Loveliest of Trees the Chekhovs Now….

“I sometimes feel now it is just possible that, setting off on his journeys, he was not looking for something so much as running away from something.” — V. Nabokov, The Gift

“At the time of this writing, when ecological themes and the ‘rape of the landscape’ obsess us, The Cherry Orchard has taken on new life.” — Donald Rayfield, The Cherry Orchard: Catastrophe and Comedy

For anything related to A.E. Housman (”Loveliest of trees, the cherry now” and more from A Shropshire Lad and elsewhere) , see Tom Stoppard’s The Invention of Love and Ian Scott-Kilvert’s take on the scholar/poet; the primary poetic allusion here –”Loveliest of trees….”– is mandatory reading (for this piece of cherry pie), yes? For most of what’s worthwhile and delicious about my great grandfather Anton Chekhov see Queen Mary’s (University of London’s) Donald Rayfield out-of-print work…or me.

My specialty respecting all of the above would be the politics of the famous dudes and their dramatic art. But let’s get personal for now, shall we?

The great Norwegian playwright Henrik (Hedda his time) Ibsen deals in secrets revealed…as a rule; past shame unsealed. Not so with Tchekho. Nay, who is Masha’s father in The Seagull? How ’bout Irina in Three Sisters? We can’t be sure concerning Dr. Dorn in the former any more than we can be certain regarding Dr. Chebutykin in the latter. Clues are dropped along the way, but proof escapes us. And a number of productions with a pregnant Duniasha in Act 4 (touting hopeful fertility ‘midst the futility?) notwithstanding, there’s no paternity in The Cherry Orchard.

Yet he feeds a bloodline.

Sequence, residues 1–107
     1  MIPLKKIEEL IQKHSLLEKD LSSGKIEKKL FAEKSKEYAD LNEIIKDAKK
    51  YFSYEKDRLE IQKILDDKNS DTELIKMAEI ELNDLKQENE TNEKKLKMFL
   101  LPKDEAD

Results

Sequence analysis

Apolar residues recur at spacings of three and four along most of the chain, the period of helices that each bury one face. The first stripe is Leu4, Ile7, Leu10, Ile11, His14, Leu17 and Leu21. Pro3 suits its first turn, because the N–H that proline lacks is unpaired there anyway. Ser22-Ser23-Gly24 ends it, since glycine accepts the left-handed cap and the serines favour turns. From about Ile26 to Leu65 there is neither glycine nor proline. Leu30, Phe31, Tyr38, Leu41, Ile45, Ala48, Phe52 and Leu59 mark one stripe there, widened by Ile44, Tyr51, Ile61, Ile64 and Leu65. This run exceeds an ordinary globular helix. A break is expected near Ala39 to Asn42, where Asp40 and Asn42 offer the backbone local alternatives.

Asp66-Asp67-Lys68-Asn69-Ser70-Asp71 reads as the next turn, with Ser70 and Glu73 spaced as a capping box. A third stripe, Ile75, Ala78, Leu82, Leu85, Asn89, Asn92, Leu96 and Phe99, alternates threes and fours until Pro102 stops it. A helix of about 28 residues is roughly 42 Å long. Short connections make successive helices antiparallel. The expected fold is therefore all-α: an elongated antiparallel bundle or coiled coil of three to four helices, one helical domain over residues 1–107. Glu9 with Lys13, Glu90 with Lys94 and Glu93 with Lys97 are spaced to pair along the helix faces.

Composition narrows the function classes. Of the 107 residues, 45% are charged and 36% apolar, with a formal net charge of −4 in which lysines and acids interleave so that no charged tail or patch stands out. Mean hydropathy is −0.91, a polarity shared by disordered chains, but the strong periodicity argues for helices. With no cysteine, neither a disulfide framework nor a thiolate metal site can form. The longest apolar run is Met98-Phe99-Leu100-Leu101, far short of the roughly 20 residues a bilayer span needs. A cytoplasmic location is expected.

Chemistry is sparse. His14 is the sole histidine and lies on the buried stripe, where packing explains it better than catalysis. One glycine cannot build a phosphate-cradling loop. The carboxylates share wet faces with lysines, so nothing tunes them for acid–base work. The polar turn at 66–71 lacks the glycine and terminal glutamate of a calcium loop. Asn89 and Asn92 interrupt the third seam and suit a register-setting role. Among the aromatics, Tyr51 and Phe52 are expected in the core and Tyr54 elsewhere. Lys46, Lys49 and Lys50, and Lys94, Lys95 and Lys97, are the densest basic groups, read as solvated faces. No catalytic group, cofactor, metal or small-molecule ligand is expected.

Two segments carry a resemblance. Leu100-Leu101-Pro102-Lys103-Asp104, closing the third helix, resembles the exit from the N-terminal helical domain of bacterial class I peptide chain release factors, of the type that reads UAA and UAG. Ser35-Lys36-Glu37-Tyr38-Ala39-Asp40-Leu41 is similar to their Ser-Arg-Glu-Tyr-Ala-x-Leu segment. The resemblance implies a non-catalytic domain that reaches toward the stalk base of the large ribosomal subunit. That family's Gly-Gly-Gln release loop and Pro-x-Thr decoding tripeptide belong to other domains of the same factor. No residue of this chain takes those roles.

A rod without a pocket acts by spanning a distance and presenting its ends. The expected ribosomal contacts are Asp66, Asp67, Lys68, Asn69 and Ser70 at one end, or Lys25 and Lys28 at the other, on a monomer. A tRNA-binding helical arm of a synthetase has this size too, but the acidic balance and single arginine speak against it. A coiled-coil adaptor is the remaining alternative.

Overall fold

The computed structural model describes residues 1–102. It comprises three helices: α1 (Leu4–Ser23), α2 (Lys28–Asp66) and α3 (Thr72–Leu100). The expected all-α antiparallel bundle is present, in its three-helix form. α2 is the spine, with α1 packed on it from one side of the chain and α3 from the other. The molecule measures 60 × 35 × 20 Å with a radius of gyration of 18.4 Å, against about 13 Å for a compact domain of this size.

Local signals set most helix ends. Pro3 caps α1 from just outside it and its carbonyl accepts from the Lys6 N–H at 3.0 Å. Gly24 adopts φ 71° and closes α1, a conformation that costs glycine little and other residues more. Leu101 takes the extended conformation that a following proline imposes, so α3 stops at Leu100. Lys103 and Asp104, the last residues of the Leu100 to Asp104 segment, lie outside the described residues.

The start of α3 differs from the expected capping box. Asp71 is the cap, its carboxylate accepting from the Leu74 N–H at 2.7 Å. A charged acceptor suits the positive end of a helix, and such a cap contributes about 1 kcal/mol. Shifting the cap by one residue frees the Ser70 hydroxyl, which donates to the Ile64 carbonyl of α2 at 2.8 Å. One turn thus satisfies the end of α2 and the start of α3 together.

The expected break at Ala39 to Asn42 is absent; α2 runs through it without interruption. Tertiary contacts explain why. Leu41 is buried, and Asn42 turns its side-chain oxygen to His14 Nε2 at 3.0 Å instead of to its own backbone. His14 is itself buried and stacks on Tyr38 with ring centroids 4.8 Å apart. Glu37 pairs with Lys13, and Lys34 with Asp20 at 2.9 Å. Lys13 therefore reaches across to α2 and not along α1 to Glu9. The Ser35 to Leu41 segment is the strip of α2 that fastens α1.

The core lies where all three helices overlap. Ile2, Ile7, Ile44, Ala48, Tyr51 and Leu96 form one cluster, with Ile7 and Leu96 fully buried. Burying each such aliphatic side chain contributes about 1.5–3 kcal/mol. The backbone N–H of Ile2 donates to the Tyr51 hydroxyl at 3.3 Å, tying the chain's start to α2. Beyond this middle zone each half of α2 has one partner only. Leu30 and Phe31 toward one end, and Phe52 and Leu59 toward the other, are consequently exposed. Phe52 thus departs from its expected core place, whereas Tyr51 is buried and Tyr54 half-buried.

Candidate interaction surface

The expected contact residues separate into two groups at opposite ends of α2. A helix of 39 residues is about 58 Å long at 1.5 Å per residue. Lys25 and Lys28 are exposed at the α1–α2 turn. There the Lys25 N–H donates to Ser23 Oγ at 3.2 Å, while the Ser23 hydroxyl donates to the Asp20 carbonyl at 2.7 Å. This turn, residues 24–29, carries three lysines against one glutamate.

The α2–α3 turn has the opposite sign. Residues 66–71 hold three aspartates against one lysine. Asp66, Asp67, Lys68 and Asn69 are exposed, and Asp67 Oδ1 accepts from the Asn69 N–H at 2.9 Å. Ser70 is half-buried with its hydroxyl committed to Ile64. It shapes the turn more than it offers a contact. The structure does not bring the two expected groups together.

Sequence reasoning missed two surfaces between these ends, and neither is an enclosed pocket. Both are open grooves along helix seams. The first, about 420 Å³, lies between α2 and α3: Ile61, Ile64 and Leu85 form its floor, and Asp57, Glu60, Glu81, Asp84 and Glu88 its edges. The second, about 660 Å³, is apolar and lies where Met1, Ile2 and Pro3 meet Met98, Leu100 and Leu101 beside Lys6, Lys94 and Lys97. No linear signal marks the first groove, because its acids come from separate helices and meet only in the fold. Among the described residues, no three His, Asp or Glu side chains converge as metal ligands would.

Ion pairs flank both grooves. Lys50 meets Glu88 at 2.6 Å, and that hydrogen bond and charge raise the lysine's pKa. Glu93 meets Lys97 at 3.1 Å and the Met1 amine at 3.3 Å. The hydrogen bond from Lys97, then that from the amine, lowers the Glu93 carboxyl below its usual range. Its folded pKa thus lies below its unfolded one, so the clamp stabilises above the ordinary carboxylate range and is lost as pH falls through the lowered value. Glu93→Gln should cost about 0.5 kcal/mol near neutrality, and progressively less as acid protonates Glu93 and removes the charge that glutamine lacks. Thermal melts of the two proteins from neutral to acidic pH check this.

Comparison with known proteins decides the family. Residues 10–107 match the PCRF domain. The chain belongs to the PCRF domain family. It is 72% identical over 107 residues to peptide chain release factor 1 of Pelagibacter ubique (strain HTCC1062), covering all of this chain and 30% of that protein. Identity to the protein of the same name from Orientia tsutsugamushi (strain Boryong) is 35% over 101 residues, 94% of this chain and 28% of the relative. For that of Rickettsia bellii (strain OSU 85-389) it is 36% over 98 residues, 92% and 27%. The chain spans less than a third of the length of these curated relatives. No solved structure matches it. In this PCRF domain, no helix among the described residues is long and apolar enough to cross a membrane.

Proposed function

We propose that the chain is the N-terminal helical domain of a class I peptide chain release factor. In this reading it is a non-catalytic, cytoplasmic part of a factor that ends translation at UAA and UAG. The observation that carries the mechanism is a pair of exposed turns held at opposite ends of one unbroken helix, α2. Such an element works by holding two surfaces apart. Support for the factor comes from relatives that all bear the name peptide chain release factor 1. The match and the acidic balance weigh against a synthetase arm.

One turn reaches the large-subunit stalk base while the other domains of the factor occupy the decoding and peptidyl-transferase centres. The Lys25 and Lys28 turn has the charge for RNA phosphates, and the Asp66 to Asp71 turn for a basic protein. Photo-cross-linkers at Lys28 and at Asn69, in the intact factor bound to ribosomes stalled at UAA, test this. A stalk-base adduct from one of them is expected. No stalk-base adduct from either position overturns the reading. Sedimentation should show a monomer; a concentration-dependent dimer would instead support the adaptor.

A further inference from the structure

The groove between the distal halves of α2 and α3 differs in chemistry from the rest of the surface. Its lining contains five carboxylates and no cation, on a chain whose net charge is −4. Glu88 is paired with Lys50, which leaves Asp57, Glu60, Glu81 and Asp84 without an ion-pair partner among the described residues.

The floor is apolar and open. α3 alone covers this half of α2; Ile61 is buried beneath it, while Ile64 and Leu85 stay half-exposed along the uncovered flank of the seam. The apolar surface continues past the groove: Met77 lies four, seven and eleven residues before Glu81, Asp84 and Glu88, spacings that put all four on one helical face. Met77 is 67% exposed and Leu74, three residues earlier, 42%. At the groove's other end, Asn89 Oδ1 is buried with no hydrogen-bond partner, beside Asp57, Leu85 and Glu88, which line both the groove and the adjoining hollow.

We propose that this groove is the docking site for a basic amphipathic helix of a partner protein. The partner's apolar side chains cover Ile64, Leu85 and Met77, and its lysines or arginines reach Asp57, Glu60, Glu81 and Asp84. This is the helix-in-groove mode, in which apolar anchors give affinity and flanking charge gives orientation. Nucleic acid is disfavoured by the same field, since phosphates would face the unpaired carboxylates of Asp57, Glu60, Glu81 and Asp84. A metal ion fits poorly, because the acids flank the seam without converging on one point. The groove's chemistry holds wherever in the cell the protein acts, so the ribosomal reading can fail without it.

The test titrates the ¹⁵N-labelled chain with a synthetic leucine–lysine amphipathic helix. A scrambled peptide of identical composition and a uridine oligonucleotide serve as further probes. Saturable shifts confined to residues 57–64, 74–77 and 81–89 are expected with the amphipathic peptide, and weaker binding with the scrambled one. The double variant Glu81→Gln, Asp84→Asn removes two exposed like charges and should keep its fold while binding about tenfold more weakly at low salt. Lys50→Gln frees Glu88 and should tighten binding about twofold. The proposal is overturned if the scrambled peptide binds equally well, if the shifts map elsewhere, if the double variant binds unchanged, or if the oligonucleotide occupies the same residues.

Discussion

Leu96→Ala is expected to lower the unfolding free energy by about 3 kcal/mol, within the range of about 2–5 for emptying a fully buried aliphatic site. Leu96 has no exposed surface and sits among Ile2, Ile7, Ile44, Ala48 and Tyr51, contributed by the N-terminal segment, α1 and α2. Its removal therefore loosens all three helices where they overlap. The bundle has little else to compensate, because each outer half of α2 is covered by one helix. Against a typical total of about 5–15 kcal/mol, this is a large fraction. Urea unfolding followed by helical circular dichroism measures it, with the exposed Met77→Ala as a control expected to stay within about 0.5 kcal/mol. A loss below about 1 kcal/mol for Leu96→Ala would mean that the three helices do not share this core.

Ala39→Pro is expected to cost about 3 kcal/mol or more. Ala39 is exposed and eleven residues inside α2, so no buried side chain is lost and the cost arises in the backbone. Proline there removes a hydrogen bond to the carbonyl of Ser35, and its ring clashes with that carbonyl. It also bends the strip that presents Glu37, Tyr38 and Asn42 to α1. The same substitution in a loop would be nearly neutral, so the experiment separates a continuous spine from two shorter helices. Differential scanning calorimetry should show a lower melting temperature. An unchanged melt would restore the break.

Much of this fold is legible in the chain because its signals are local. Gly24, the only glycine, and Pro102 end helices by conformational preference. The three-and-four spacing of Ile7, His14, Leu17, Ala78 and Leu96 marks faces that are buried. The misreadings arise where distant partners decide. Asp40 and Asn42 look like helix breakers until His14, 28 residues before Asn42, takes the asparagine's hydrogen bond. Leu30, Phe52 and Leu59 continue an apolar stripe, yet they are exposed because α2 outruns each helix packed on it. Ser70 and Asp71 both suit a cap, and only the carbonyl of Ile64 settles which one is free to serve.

Long before Lidia Aviola, Daria Musina-Pushkina, Olga Kundasova and Lika Mizinova, among others, there was the little darling in Anton’s Taganrog…who wound up giving birth to a boy who wound up knocking three times on the ceiling with my maternal grandmother who wound up giving birth to my mom in Johannesburg…when my alleged grandfather –all wound up— wound up on a trip to South Africa from Russia in the early part of the last century. And for the record –which I have my personal reasons for wanting to remain less than crystal ball clear– Anton’s Jewish fiancée Evdokia (Dunia) Isaakovna Efros (Konovitser) is not the “darling” I alluded to above.

In the same vein, my sweet great grandmother did not work at the luxurious Roman brothel which Anton insisted upon frequenting following his politically-charged crusade to Sakhalin. Nor in the Blagoveshschensk brothel disguised as a Japanese hooker. And she wasn’t the black-eyed Salvation Army Indian cutie from Kandy, Ceylon –the legendary Eden– either.

He wouldn’t go –have gone– for an ordinary Dreyfusard Go-Go girl, that’s for sure. I know.

And I know that for all his emotional liabilities, indiscretions and avoidance of ideological embrace, he laced his life with compassion, fathering –by no means in the theatre only– greatness.

So…about the woodlands I will go, to see the cherry hung with snow.

Richard Oxman,, is a former professor of Dramatic Art who –whilst firmly believing that Anton’s bloodline stopped dripping with a barren, naughty Olga Knipper in 1904– taught (for three decades) The Cherry Orchard as progenitor of modern drama from Artaud to Pinter. All in a very socially-conscious lode.